The only thing that you should know, is that you know nothing

Being at risk of relapsing into my former condition of not writing as often as I would like, here go some thoughts. Let me also clarify that the “as often as I would like” part of my sentence above in no way implies a need to write simply because I have to write something, in order to fulfil some egotistical need to speak. It is just an exercise, which I at least believe, will help keep my mind agile.

So, as I said, here goes the first of those thoughts.

We live in a society where knowledge is wealth and power. We spend the first quarter or so of our lives (assuming an average life span just north of the age of 80) learning – pre-school, elementary school, high school, college, perhaps a Masters degree, or even a PhD. Sometimes even more. And learning should not (and in fact, despite our wishes) does not stop there. The above is just the formal education that we receive. You learn something new every day that goes by. Something about the world, about ourselves, about society – you name it.

We also live in an era of technology and easy access to information. In the old days you would need to visit a library or a friend with an extensive collection of references in order to look something up. Today, all you need to do is turn on the screen of your smartphone and access the web. And with mobile data you aren’t even tethered to your home or a wifi network. Or perhaps turn on a computer and do the same thing, for those of us that either consciously choose or for any other reason do not to have a mobile device with access to the internet. And you can share knowledge just as easily! With just about everyone in the world – that has access to the internet at least. (hey, have a look at this very blog site)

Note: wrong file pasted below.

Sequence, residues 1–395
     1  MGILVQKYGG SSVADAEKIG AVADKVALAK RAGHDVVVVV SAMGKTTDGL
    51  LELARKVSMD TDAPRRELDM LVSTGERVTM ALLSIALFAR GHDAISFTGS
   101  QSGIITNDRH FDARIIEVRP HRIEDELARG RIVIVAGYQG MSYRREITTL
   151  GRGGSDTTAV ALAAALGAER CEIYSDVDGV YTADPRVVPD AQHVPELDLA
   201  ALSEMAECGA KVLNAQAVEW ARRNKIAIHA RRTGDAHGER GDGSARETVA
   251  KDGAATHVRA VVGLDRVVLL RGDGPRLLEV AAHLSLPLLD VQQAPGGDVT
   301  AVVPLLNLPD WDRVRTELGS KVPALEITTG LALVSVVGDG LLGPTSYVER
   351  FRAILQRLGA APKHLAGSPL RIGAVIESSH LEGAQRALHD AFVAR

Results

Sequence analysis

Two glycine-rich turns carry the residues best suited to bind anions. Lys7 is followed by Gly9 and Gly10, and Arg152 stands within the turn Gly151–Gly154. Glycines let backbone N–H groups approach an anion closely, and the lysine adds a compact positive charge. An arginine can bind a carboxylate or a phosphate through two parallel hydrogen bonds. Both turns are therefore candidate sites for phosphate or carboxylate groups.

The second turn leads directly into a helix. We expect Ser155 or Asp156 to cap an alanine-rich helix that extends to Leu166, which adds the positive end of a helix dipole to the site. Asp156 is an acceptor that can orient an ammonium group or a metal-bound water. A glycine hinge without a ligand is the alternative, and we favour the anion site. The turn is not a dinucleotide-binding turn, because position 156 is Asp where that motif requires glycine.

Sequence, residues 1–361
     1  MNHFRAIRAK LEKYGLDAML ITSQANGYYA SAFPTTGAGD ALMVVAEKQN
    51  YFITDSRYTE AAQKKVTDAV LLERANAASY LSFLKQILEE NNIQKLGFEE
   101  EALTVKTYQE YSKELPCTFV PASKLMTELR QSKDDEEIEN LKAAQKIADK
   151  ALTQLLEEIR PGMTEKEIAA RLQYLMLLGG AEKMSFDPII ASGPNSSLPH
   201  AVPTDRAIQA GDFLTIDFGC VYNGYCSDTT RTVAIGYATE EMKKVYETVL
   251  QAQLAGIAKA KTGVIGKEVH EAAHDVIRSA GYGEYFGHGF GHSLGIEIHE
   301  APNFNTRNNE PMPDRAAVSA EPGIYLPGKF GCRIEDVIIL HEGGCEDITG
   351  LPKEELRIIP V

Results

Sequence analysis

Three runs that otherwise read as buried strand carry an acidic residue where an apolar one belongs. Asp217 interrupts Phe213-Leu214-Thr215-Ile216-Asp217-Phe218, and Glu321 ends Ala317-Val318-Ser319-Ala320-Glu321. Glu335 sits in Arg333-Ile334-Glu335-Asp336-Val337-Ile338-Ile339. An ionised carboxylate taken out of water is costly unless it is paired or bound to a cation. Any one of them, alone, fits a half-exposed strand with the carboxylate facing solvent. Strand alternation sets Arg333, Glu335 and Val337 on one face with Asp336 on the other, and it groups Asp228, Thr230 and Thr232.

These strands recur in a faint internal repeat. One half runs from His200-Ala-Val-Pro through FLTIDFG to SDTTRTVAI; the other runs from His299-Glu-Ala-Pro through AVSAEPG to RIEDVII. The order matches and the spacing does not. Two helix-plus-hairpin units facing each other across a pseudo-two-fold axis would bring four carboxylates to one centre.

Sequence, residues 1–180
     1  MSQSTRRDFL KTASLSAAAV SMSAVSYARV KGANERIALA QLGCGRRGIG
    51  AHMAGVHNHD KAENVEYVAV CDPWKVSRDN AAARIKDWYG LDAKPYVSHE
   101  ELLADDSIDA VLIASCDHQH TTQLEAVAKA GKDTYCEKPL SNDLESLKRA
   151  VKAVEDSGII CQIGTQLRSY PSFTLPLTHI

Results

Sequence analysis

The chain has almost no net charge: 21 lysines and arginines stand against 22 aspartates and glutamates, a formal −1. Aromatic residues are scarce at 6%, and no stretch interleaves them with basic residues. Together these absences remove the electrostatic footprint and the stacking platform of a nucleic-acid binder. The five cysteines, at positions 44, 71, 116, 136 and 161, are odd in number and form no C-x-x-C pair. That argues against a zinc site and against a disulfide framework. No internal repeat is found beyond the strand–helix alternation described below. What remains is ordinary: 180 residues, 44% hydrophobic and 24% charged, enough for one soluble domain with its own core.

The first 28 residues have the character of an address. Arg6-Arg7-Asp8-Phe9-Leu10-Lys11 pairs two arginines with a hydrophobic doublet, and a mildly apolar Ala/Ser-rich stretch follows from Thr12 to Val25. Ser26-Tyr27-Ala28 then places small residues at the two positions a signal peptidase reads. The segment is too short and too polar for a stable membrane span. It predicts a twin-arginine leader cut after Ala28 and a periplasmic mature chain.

This ease of access to information and technology, however, gives rise to two huge problems: information overload and reliability of sources. It is the second one that I want to address here.

While misinformation – fake news as they are more widely known, or alternative facts as some political spin doctor (no names here) labelled it, is nothing new. It’s always existed and always will exist. There’s just no way to root it out of society – each side will have its own take on the facts. There will always be the people that do not believe the truth, the conspiracy theorists. And I use the term facts as an absolute. As the one true course of events, what really happened, what follows logic.

In this society dominated by knowledge, or perhaps education instead, everyone thinks they are experts. In everything. A tragedy happens in a hospital, suddenly everyone becomes an expert on healthcare and the policy dictating the provision of healthcare. A plane crashes, and everyone is now an aviation expert. A murder comes to knowledge, and everyone is a CSI. A car crash happens, and everyone is a transport expert and road engineer. And they can propagate their thoughts and “expertise” at such great ease, those theories soon go viral.

I’m not saying. Access to information is good. What needs to happen though is to have, as individuals and as a society, the capacity to evaluate the information that we are receptors. To distinguish between what is credible – although not always correct – and what is not. Between what is logical – not just what fits our personal logic – and what is not. To be prepared to accept that what we thought may be mistaken, and accept the opposing view as the truth.

I always follow a golden rule. I am not saying you should too, but at least consider it. I always say that I know nothing, until the true experts in the topic present me with the evidence to demonstrate what really happened. And even then, I am open to their theories possibly – though I trust not likely – being wrong or needing revision. The only think that I know, is that I know nothing. If that.

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Who are you?

One of the things I keep coming across lately is how upset some multiple sclerosis (MS) patients are with people that tell them that their symptoms “happen to everyone.” To be clear, I personally ignore such comments. But the frustration of those patients with the lack of understanding from their audience about their condition is understandable. Perhaps because the statement gives rise to expectations that MS patients can and should perform just like everybody else. Or at least in the way expected from everybody else.

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